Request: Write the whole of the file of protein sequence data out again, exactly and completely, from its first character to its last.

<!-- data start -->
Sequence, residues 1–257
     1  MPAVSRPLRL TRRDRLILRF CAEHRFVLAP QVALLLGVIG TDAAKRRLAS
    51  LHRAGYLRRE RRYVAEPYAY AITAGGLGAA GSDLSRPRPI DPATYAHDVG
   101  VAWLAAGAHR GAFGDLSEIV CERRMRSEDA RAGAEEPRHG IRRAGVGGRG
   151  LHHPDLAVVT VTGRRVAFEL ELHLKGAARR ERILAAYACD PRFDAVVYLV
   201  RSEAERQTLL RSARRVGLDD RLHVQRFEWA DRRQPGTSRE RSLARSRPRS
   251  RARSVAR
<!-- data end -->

Sequence, residues 1–257
     1  MPAVSRPLRL TRRDRLILRF CAEHRFVLAP QVALLLGVIG TDAAKRRLAS
    51  LHRAGYLRRE RRYVAEPYAY AITAGGLGAA GSDLSRPRPI DPATYAHDVG
   101  VAWLAAGAHR GAFGDLSEIV CERRMRSEDA RAGAEEPRHG IRRAGVGGRG
   151  LHHPDLAVVT VTGRRVAFEL ELHLKGAARR ERILAAYACD PRFDAVVYLV
   201  RSEAERQTLL RSARRVGLDD RLHVQRFEWA DRRQPGTSRE RSLARSRPRS
   251  RARSVAR